Landscape Ecology

, Volume 27, Issue 2, pp 239–251 | Cite as

Pollination graphs: quantifying pollen pool covariance networks and the influence of intervening landscape on genetic connectivity in the North American understory tree, Cornus florida L.

  • Rodney J. Dyer
  • David M. Chan
  • Vicki A. Gardiakos
  • Crystal A. Meadows
Research Article


The manner by which pollinators move across a landscape and their resulting preferences and/or avoidances of travel through particular habitat types can have a significant impact on plant population genetic structure and population-level connectivity. We examined the spatial genetic structure of the understory tree Cornus florida (Cornaceae) adults (N Adults = 452) and offspring (N Offspring = 736) across two mating events to determine the extent to which pollen pool genetic covariance is influenced by intervening forest architecture. Resident adults showed no spatial partitioning but genotypes were positively autocorrelated up to a distance of 35 m suggesting a pattern of restricted seed dispersal. In the offspring, selfing rates were small (sm = 0.035) whereas both biparental inbreeding (s b;open canopy = 0.16, s b;closed canopy = 0.11) and correlated paternity (r p;open canopy = 0.21, r p;closed canopy = 0.07) were significantly influenced by primary canopy opening above individual mothers. The spatial distribution of genetic covariance in pollen pool composition was quantified for each reproductive event using Pollination Graphs, a network method based upon multivariate conditional genetic covariance. The georeferenced graph topology revealed a significant positive relationship between genetic covariance and pollinator movement through C. florida canopies, a negative relationship with open primary canopy (e.g., roads under open canopies and fields with no primary canopy), and no relationship with either conifer or mixed hardwood canopy species cover. These results suggest that both resident genetic structure within stands and genetic connectivity between sites in C. florida populations are influenced by spatial heterogeneity of mating individuals and quality of intervening canopy cover.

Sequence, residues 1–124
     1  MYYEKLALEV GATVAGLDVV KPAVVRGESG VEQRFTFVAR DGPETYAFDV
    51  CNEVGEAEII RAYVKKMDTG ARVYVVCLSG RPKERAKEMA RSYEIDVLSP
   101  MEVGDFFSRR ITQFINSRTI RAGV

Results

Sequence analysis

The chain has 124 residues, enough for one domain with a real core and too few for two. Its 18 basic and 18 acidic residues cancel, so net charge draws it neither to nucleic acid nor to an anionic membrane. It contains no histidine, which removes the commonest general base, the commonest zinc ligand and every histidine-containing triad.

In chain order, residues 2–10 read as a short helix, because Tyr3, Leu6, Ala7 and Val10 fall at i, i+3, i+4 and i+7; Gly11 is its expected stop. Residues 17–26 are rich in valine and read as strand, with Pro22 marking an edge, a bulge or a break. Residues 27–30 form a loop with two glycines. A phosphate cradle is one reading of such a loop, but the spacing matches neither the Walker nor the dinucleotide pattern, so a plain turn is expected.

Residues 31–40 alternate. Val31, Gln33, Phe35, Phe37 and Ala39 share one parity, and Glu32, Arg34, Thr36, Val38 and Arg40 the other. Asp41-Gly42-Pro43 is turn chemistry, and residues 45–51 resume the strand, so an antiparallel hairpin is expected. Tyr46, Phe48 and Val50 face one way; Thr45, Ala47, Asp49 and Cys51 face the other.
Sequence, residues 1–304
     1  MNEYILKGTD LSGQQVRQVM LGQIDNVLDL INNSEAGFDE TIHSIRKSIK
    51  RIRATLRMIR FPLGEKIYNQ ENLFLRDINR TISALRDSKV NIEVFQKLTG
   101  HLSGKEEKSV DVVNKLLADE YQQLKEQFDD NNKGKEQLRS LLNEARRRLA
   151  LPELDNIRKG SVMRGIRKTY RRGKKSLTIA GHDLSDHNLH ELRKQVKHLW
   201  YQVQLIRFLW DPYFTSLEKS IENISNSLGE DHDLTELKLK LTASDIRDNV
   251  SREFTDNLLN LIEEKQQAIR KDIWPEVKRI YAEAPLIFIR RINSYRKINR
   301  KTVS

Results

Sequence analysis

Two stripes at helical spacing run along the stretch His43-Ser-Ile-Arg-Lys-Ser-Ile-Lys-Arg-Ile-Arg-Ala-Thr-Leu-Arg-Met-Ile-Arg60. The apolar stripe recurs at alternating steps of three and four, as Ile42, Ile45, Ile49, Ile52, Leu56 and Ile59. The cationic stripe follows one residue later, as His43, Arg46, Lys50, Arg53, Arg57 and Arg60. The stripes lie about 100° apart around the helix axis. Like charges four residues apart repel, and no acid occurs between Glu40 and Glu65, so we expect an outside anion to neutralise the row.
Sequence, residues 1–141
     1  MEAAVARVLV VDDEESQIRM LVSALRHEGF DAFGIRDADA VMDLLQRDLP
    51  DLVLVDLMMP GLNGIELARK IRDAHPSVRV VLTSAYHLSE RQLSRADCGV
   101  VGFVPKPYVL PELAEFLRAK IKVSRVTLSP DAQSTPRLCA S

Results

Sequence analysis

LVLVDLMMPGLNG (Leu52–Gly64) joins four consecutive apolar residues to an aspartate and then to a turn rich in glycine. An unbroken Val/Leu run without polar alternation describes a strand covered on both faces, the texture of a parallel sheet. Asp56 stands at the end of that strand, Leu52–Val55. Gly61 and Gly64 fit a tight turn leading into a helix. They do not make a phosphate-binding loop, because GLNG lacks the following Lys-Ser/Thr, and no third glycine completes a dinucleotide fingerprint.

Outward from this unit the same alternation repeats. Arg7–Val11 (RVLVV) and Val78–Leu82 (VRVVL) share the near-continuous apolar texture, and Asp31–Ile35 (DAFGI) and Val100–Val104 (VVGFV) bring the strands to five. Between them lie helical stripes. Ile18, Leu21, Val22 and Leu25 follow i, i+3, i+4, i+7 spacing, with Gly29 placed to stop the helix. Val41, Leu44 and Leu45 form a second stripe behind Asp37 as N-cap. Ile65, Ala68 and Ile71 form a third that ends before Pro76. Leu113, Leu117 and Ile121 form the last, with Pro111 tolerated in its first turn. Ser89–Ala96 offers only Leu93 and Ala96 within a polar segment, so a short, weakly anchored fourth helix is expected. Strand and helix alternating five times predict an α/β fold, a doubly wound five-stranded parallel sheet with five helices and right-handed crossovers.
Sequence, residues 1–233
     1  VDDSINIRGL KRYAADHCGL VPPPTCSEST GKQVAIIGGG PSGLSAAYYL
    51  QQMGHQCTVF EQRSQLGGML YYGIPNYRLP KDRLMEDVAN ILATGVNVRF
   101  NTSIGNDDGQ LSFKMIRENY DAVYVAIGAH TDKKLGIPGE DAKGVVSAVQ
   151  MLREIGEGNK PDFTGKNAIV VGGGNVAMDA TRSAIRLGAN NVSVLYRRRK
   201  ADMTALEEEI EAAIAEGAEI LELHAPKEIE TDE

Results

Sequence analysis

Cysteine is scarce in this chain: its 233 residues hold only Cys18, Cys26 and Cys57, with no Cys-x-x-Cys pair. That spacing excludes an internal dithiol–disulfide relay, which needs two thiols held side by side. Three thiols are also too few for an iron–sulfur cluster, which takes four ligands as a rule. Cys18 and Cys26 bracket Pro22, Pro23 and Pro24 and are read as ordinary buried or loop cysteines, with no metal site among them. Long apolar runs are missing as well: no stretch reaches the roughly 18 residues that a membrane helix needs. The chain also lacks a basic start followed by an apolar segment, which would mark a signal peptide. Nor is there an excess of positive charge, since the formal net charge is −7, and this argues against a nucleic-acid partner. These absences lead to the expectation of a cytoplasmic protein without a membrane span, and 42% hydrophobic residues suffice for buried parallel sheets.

Pollination Graph Connectivity Conditional genetic distance Gene flow Cornus florida 



This work was supported by a grant from the National Science Foundation (DEB-0640803) to RJD and DMC. Both VAG and CAM were supported in part by graduate research grants from the Rice Center for Environmental Studies. The authors would also like to thank Jennifer Cimminelli, Will Shuart, and the Center for Environmental Science at Virginia Commonwealth University for assistance with spatial modeling analyses. This manuscript is the Virginia Commonwealth University Rice Center Contribution #18.


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Copyright information

© Springer Science+Business Media B.V. 2011

Authors and Affiliations

  • Rodney J. Dyer
    • 1
  • David M. Chan
    • 2
  • Vicki A. Gardiakos
    • 1
  • Crystal A. Meadows
    • 1
  1. 1.Department of BiologyVirginia Commonwealth UniversityRichmondUSA
  2. 2.Department of MathematicsVirginia Commonwealth UniversityRichmondUSA

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